How many exceptions does it take before we stop calling them exceptions? I’m not really sure racism has ever been the exception in this country. Maybe it’s not the painting of the rock that should cause the most disappointment. Maybe the literal writing on the wall is indeed reflective of values and beliefs that exist at USC. Maybe Clemson isn’t better than this. Maybe SAE does, in fact, have a widespread problem. Maybe it’s not just a bad decision made by Slager and maybe he’s not the only one who has to live by his decision.
Rock Hill, USC, Clemson, SAE, Charleston, or police officers are not inherently bad. I’m not advocating that since these actions are going on they are indicative of the entire culture. These actions, however, do reflecta culture that is present in each of these places. The examples I gave range from high school students up to adults. Racism is not a problem of a few individual people or even a few individual actions. It is important to respond when these events come up, but we must also continue to work against a system that continues to say that black skin means less and that black lives don’t matter.
The United Methodist Book of Discipline responds to racism by saying:
Racism plagues and cripples our growth in Christ, inasmuch as it is antithetical to the gospel itself…We define racial discrimination as disparate treatment and lack of full access to resources and opportunities in the church and in society based on race or ethnicity. Therefore, we recognize racism as sin and affirm the ultimate and temporal worth of all persons.
Race is not merely a political or social issue. It is a theological issue. Racism places a divide. It “plagues and cripples our growth in Christ.”
This paragraph of the BOD also explains that racism includes both personal and institutional racism. If we only find the individual people and acts that are racist, we do little to actually work towards a future where racism is no more. We know how to respond to individual acts of racism, but how do we respond to the system that led to such an act?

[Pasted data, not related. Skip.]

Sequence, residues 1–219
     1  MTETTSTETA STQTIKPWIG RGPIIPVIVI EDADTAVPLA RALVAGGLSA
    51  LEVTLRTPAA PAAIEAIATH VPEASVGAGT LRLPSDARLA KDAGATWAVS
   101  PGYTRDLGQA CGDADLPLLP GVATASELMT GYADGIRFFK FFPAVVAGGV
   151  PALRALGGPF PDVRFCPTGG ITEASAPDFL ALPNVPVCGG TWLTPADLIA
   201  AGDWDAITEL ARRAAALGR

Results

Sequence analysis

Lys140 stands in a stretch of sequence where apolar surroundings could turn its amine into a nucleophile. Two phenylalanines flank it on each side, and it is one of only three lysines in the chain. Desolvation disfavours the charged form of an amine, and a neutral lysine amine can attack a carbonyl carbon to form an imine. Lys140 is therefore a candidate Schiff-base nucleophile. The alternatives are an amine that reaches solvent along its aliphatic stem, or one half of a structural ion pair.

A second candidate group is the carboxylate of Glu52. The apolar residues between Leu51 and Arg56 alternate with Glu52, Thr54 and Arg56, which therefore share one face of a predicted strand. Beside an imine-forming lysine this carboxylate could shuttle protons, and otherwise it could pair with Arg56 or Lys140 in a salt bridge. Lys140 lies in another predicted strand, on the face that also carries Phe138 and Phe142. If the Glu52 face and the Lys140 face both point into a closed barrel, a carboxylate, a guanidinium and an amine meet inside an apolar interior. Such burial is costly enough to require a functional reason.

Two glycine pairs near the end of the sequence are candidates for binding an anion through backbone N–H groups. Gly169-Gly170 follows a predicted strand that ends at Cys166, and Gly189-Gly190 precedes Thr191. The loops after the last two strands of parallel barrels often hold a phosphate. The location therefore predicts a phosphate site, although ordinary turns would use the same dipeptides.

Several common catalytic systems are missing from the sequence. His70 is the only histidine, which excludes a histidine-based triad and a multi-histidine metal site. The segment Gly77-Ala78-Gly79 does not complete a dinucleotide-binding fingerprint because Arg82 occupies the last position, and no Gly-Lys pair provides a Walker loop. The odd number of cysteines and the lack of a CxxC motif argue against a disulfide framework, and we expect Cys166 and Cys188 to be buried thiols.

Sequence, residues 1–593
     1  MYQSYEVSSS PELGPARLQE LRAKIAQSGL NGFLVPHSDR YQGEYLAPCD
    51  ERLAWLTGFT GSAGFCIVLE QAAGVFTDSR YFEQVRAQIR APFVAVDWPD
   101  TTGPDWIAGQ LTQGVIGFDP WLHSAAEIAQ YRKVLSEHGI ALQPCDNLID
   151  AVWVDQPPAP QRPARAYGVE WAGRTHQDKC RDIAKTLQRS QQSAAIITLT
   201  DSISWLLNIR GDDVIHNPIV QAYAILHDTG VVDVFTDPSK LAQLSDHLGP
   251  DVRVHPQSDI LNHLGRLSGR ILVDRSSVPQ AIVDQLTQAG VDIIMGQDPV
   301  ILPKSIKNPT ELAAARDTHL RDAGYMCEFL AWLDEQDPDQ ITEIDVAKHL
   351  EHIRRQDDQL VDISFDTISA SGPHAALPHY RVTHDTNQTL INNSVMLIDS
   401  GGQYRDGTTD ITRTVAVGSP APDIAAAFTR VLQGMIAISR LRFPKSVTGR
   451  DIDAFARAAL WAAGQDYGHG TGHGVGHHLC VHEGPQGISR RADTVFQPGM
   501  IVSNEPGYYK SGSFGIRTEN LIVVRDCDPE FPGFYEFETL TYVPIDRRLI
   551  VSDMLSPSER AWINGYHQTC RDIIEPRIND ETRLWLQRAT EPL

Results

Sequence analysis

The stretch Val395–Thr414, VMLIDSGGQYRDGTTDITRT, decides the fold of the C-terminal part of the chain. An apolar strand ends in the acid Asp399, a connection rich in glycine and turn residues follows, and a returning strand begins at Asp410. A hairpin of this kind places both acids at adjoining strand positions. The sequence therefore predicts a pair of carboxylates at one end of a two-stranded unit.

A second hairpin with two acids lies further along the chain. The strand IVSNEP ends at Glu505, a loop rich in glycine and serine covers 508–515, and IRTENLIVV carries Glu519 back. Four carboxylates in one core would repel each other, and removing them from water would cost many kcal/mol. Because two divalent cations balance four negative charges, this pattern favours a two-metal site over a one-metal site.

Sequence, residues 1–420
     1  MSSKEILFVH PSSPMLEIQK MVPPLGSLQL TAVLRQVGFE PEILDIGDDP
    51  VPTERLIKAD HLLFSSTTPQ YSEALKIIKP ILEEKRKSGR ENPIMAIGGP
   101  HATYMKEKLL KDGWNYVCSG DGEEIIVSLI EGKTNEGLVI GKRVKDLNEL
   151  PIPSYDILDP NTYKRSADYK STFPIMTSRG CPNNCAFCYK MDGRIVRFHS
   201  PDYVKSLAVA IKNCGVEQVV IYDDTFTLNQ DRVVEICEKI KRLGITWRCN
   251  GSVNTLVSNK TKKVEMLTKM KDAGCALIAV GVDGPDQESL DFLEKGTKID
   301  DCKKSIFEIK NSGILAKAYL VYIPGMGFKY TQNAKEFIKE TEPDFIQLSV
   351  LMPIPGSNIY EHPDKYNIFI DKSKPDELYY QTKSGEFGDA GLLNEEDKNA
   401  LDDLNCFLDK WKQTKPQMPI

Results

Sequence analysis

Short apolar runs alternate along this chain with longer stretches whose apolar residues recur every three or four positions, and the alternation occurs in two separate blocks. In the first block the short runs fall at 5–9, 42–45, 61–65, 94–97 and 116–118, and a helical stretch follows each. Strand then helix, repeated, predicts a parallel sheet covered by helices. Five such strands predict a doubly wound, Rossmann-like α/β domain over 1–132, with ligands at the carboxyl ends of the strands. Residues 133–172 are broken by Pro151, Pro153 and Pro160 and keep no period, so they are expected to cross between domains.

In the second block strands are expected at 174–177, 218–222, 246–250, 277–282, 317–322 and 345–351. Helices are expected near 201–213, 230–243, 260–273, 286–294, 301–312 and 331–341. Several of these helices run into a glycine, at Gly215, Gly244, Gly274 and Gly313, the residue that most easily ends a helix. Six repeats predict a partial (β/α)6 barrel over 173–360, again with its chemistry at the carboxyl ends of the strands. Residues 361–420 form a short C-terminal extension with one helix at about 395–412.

If we’re naming racism as a sin, then the first step in leading to change is to not avoid the existence of the sins but to name them. Whether we’re talking about high school and college students in South Carolina or police in our nation, we need to stop making excuses. We need to acknowledge that there are racist beliefs and tendencies that run through these cultures both on the surface and below it. To name the sin and brokenness in certain organizations is not to condemn the organization. It is instead the first step towards change.
John the Baptizer and Jesus came preaching a gospel of repentance. Repentance doesn’t mean merely feeling guilty. It doesn’t just mean naming the sins. The meaning doesn’t end with naming those sins. It means a desire and an effort to change. We need people and organizations to repent. We need them to say that we aren’t where we want to be. We don’t need politically correct statements from organizations in order to save face and preempt a lawsuit. We need truth. We need transparency. We need vulnerability. We need a desire for change. We need a commitment to change. We need actions toward change.
Our nation finds itself at a crossroads. Last week Hannah made a strong argument that the American reformation continues. She also challenged us a few months ago to live with sustained discomfort. Where do we stand today? Where do we hope to stand 10, 20, 50 years from now? Let us live into a new reformation. Let us live into sustained discomfort. Let us live out repentance. Let us live into the kindom of God. Let us live into a day when racism is isolated and an exception to the norm and maybe even a day when racism truly is no more.